St. Petersburg Paradox
By Arnold Kling
Will Baude brings up the St. Petersburg Paradox, in which a bet with an infinite expected payoff is rejected by the typical individual. Baude points out the problem with trying to resolve the paradox by invoking diminishing marginal utility.
here’s the pet peeve. While this ad hoc (but plausible) assumption solves this particular version of the St. Petersburg Paradox, it does nothing about a modified version of this game with much higher payoffs. Suppose, for example, that I increased the payoffs for this game by exponentiating 5. That is, when I was going to pay you $1 in the first version, I’ll now give you $5. When I was going to pay you 2, now you can have 5^2 = $25. Instead of $4, you can have $625 instead. It’s pretty easy to show that this new set of payoffs will result in a quite infinite payoff, even if you have that diminishing marginal utility of wealth. Indeed, for any proposed diminising marginal utility of wealth function that’s unbounded, I can concoct some crazy version of this game with sky-high payoffs that will still have an “infinite” value.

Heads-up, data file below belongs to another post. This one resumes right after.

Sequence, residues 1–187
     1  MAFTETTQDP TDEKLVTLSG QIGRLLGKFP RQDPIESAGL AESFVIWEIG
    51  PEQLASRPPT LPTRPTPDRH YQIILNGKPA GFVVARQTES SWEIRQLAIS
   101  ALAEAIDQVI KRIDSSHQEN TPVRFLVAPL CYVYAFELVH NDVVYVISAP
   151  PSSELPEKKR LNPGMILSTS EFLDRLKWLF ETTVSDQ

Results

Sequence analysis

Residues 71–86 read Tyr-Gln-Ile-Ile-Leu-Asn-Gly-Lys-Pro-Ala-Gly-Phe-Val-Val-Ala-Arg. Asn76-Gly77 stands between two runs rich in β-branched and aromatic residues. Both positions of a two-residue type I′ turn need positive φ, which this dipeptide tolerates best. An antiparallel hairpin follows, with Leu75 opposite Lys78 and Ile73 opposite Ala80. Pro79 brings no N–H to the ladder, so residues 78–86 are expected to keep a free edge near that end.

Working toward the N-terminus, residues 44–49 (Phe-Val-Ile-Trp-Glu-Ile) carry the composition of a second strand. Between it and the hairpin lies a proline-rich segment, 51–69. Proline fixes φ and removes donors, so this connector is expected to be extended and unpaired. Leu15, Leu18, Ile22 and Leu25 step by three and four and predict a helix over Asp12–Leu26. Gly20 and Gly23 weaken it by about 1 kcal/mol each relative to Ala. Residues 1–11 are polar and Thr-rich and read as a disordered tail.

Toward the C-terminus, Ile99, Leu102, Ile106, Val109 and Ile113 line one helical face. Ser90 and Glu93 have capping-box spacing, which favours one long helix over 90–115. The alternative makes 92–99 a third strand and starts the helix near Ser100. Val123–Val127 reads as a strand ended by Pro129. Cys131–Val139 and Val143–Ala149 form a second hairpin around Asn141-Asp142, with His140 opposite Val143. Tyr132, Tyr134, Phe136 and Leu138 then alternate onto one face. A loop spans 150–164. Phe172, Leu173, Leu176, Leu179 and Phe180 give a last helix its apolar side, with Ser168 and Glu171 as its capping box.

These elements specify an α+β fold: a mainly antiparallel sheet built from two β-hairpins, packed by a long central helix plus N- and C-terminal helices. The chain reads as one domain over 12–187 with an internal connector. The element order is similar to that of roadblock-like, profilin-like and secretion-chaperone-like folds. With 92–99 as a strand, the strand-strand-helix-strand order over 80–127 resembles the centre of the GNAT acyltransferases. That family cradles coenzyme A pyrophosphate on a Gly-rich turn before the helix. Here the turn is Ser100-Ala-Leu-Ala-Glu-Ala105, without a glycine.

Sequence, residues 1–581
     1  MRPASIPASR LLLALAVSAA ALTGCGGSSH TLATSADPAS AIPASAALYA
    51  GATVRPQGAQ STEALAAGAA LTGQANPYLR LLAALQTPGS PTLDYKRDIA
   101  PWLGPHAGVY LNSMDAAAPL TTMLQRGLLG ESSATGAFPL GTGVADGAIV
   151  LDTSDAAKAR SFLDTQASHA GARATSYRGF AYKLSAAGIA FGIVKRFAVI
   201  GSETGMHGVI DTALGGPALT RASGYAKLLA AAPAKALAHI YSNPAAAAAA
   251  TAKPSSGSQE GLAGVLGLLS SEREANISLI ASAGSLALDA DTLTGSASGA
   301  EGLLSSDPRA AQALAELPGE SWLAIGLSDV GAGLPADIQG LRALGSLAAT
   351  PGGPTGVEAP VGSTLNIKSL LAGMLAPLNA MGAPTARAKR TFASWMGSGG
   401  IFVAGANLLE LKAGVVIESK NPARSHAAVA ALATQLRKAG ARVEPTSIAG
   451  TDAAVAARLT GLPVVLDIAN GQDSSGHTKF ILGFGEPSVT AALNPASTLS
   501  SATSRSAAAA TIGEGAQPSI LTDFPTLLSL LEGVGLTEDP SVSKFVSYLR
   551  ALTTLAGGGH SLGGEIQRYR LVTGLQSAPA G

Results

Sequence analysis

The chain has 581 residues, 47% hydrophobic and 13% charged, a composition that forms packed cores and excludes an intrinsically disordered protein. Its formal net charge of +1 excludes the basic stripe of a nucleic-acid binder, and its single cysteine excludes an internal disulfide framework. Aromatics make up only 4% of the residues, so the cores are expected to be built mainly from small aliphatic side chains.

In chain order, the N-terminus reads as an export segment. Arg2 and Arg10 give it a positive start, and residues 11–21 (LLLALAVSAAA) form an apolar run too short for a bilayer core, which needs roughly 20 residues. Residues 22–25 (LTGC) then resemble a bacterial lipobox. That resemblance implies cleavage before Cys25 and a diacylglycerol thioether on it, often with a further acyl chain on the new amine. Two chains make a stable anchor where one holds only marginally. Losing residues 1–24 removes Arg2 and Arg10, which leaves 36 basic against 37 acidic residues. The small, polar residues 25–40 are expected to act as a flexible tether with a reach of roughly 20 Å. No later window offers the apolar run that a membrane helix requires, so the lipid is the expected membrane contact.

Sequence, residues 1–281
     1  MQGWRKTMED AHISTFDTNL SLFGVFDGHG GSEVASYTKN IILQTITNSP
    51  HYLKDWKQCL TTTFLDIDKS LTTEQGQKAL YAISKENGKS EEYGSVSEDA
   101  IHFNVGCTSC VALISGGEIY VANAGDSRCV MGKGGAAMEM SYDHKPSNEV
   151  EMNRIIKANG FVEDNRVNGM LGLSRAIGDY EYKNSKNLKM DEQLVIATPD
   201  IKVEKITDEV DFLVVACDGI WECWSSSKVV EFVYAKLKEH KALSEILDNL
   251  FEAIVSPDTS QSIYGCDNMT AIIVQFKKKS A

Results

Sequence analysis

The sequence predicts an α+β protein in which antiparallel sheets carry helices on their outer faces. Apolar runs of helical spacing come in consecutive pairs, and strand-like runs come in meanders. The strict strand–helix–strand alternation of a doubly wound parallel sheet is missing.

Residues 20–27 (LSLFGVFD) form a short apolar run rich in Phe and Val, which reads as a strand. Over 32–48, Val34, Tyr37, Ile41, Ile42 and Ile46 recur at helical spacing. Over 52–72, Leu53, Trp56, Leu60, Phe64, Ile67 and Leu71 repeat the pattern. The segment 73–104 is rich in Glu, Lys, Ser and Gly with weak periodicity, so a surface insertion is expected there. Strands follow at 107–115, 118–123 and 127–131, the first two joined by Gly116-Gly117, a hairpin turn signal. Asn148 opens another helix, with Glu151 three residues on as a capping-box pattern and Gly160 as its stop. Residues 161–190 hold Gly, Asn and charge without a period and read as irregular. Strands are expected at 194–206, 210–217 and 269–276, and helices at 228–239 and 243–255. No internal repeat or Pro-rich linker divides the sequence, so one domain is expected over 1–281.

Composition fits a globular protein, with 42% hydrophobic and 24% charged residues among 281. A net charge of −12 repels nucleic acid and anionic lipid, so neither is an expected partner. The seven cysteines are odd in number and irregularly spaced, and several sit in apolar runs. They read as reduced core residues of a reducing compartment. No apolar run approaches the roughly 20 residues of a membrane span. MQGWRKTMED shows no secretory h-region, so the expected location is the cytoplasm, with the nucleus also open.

If you are not familiar with the paradox, a good introduction is here.
A simple way to describe the paradox is this. Suppose that you were offered a bet where if you flip a coin ten times and it comes up heads every time you win $1 billion. Otherwise, you lose $10,000. Would you take the bet? On average, you stand to win by taking the bet, but most people would not take it. Even if somebody raises the payoff for winning to $10 billion or $10 trillion, most people would not take the bet. Why not?
I think that the answer is that people mentally truncate the upper value of what you might win. It is hard to believe that somebody is really going to pay you $1 billion if you flip ten heads in a row. So you act as if they were offering you something lower.
For Discussion. Is it rational or irrational to act as if somebody would stick to the terms of the bet, even if it meant that they had to pay an enormous sum of money?